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Events inspire teacher to activist role

Mavis Tjon was content with routine and anonymity. But the Fargo woman known to some as the "teacher who hits kids" lost all that in an instant. Now the former West Fargo music teacher hopes she can become known by a different title: lobbyist. "I...

Mavis Tjon was content with routine and anonymity. But the Fargo woman known to some as the "teacher who hits kids" lost all that in an instant.

Now the former West Fargo music teacher hopes she can become known by a different title: lobbyist.

"I'm not a political person by any means," Tjon says. "I'm nobody important."

But she's pressing legislators to draft a bill that would give teachers more legal recourse.

"I don't think anybody should have to go through what I did," Tjon says, her voice breaking up. "There's no protection for teachers."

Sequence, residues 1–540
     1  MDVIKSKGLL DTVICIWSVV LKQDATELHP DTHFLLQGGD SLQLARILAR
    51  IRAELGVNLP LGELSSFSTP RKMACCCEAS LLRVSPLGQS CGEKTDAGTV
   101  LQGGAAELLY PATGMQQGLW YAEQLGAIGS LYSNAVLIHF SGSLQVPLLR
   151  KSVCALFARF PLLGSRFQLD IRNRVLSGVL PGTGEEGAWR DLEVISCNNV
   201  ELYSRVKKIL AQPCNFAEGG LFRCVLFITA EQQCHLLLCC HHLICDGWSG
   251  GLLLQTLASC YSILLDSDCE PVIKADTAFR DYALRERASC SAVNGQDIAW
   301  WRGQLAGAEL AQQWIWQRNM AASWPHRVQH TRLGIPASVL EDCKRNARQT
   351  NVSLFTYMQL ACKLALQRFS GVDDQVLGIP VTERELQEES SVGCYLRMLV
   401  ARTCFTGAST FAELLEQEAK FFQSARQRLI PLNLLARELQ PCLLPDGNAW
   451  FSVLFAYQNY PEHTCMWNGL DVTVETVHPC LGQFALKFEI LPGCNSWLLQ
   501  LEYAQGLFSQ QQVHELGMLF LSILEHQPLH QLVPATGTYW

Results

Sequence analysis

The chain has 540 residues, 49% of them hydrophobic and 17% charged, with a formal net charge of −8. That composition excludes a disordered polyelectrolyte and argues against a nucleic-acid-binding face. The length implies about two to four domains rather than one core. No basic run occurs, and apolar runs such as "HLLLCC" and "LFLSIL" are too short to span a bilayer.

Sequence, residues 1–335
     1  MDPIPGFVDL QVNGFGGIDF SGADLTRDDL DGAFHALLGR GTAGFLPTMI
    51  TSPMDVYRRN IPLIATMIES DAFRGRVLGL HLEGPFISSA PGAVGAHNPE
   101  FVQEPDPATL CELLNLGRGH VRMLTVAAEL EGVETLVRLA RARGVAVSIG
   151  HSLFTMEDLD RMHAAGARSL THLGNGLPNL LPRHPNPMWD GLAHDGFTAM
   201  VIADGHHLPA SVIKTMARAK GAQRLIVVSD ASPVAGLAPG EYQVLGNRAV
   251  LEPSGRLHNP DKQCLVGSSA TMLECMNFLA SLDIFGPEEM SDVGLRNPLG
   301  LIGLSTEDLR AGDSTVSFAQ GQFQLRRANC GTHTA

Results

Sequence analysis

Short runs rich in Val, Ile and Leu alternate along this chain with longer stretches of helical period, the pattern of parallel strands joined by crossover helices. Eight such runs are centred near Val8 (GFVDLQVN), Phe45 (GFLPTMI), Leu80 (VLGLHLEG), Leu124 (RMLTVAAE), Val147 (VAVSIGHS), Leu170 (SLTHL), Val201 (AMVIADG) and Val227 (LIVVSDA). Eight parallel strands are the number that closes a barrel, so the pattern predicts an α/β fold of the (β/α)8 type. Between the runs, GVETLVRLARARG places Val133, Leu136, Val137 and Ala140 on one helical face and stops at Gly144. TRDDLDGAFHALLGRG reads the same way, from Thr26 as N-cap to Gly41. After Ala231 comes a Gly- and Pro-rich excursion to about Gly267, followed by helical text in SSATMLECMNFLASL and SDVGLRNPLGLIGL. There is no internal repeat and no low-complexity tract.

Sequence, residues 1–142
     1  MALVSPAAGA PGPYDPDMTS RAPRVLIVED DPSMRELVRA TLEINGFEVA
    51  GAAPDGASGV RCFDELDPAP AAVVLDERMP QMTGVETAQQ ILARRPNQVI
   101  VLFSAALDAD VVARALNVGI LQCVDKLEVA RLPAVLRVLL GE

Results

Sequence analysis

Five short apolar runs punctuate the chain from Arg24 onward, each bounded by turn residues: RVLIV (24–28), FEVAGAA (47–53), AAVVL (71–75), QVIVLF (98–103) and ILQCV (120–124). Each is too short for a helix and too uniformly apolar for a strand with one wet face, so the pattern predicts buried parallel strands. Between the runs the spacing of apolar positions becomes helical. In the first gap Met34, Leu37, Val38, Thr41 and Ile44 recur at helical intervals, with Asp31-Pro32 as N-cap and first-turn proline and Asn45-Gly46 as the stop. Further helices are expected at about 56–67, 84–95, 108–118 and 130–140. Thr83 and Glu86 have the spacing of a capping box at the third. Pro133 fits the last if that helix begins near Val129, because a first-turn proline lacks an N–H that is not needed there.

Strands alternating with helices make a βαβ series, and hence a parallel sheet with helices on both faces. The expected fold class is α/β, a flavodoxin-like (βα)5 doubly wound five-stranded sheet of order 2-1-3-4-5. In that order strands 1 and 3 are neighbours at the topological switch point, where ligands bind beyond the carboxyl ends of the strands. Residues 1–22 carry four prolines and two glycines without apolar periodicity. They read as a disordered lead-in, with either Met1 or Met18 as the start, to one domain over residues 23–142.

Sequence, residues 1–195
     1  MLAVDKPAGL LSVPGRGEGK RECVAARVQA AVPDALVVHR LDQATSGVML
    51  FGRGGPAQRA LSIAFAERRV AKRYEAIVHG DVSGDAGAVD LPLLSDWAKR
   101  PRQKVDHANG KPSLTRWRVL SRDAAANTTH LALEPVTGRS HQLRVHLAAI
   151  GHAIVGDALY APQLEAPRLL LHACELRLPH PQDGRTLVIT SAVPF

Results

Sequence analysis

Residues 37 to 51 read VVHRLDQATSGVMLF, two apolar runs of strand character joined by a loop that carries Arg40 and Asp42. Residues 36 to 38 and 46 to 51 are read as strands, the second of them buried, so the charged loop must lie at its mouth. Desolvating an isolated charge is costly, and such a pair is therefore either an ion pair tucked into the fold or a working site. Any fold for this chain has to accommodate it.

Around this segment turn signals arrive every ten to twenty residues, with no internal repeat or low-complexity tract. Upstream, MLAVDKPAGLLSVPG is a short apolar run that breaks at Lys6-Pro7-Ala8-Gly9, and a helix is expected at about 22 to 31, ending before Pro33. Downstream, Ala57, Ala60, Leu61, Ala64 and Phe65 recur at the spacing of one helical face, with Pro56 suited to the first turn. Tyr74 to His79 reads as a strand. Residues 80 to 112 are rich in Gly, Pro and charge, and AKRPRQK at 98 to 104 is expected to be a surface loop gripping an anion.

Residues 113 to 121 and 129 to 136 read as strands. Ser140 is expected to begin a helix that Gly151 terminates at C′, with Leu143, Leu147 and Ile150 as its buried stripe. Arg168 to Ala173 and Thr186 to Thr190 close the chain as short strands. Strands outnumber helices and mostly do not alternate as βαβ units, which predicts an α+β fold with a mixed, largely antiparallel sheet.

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In her first extensive interview since her unexpected, unsought emergence into the public limelight, Tjon talks candidly about the split-second incident that prematurely ended her 25-year teaching career, tarnished her name and devastated her and the routine life she lived.

The 64-year-old would call her mom every morning at 7:30 when she left her north Fargo home and chat for 15 minutes until she arrived at one of the three West Fargo elementary schools she had taught music at since 2000.

Tjon was content with her routine and inconspicuous life - even if it meant being the unrecognizable one when she and her husband, Curt, attended their Concordia College class reunion.

"I am what I consider a nobody," she says. "I'm the one nobody remembers."

Then Tjon became an unwilling "somebody" thanks to an incident no one will forget.

"For all of this to happen has been really hard," she says. "I have never wanted to be a public person at all."

Tapped, slapped, hit, struck - people used a range of verbs to describe what Tjon did to a child two years ago.